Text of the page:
Pets, whether cat, dog, snake, fish or tarantula, become a part of the family and life without them is never the same.
And most animals can be determined and smart enough to crawl out of the tiniest opening, knock down barriers, jump over fences and learn to flee at the slightest hint of freedom.
Owners do their best, but let’s face it, losing a pet can happen to anyone. And the second a pet cannot be found, panic hits hard and fast.
Wondering what to do, many people do not even try to find their pet, especially if it is a small one such as a hamster, tarantula or snake.
However, before allowing panic to get the best of you, here are a few things you can do to increase the odds of “Fido’s” return:
• Post as many signs as you can around your neighborhood. Especially corners where drivers will see them as they drive by. Make sure to cover all directions cars may travel. Be sure to include the color, size and type of animal along with your phone number and amount of reward, if one is offered.
Write in large print with thick bold marking pens blue, black or green in color.
• Visit your neighbors in person. All of them. Let them know when and where your pet went missing and ask them to look out for your pet.
• Post fliers in local supermarkets, fast food chains, churches and any place where many people will gather.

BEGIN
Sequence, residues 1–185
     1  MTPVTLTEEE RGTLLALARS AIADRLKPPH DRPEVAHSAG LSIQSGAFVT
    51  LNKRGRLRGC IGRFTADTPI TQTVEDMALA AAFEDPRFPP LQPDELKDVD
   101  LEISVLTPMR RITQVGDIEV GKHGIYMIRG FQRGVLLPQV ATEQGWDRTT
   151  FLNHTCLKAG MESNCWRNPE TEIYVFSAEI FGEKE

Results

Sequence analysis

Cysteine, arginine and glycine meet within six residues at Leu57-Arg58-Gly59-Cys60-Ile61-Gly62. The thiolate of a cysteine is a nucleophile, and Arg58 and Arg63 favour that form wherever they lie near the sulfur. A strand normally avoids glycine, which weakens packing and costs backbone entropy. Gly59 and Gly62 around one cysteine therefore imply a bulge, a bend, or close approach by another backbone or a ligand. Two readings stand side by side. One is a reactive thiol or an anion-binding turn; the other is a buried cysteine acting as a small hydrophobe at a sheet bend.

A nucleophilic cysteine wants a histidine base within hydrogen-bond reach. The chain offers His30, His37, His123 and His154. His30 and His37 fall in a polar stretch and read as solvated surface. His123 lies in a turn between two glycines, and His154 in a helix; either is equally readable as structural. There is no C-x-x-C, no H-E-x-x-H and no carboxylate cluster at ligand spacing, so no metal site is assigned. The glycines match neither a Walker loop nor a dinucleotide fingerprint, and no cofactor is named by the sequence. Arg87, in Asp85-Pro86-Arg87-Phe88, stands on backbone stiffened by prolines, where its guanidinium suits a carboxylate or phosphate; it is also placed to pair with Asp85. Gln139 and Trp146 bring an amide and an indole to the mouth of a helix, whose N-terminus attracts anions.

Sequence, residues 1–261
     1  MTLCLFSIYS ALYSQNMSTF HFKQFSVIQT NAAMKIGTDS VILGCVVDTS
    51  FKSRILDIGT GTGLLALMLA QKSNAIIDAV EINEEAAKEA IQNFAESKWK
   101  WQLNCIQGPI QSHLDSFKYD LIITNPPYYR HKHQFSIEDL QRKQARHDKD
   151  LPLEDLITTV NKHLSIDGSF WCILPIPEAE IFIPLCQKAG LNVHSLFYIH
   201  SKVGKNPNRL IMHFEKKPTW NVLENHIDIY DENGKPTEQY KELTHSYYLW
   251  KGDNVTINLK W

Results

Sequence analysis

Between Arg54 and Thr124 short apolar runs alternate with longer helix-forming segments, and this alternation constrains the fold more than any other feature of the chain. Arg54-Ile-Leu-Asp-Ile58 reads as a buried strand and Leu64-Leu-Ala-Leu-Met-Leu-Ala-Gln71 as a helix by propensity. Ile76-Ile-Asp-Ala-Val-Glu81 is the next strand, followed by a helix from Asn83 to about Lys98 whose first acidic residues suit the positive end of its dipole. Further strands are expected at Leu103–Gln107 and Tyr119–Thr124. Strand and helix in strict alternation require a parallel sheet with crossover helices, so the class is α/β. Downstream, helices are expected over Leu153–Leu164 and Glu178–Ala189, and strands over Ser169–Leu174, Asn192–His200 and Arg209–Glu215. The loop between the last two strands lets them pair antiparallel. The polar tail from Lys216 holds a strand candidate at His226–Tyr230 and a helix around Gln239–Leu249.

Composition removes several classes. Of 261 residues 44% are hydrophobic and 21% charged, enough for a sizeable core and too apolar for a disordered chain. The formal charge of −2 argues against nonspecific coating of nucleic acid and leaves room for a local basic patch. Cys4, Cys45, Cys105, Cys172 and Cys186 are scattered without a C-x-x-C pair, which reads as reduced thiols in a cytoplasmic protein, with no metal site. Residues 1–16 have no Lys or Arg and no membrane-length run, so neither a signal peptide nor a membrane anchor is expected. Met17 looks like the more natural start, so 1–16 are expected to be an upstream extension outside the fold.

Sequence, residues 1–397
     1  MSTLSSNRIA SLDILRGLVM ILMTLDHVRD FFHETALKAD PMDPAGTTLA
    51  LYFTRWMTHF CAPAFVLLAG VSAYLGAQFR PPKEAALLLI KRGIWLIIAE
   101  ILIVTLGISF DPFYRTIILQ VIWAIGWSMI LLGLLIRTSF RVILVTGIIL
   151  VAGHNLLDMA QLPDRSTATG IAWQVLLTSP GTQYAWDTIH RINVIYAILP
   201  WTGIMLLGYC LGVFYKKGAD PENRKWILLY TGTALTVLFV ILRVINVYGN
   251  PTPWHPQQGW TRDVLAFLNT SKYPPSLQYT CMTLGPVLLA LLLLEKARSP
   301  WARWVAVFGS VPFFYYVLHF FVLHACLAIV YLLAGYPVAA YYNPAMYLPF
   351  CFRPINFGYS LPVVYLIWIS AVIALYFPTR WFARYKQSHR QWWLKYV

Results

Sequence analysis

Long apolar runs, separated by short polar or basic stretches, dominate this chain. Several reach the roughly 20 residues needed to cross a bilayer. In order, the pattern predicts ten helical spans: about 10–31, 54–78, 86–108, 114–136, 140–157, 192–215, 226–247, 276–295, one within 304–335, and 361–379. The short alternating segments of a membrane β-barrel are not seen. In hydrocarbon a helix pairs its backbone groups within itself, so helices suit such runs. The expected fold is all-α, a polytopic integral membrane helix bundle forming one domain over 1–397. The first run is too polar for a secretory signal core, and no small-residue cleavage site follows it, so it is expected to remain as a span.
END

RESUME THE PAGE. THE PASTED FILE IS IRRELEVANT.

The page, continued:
• Put an ad in your local newspaper. Include a photo, if you have one, animal’s name and description.
Also, do not forget to check the “found” section of the newspaper in case your pet was found by someone else.
• Do not forget to call the local sheriff’s department, animal shelters and city animal control with a complete description of your lost pet. Call or drop by every day to check out the most recent animals picked up or dropped off.
• Keep looking every day. Walk around the neighborhood or around the block. Get in the car and drive a few miles in every direction. And search at different times of the day.
• When you acquire a cat or dog, put a collar and name tag on your pet. Tags are inexpensive and can be created from the kiosks in supermarkets such as Wal-Mart, Tom Thumb and Kroger’s. (This, of course, is not possible with hamsters, snakes, and spiders and such.)
• Microchip your cat or dog soon after adopting them. When they are dropped off at a shelter, the microchip scanners will pick up the ID information on the chip so your pet will be returned as soon as possible.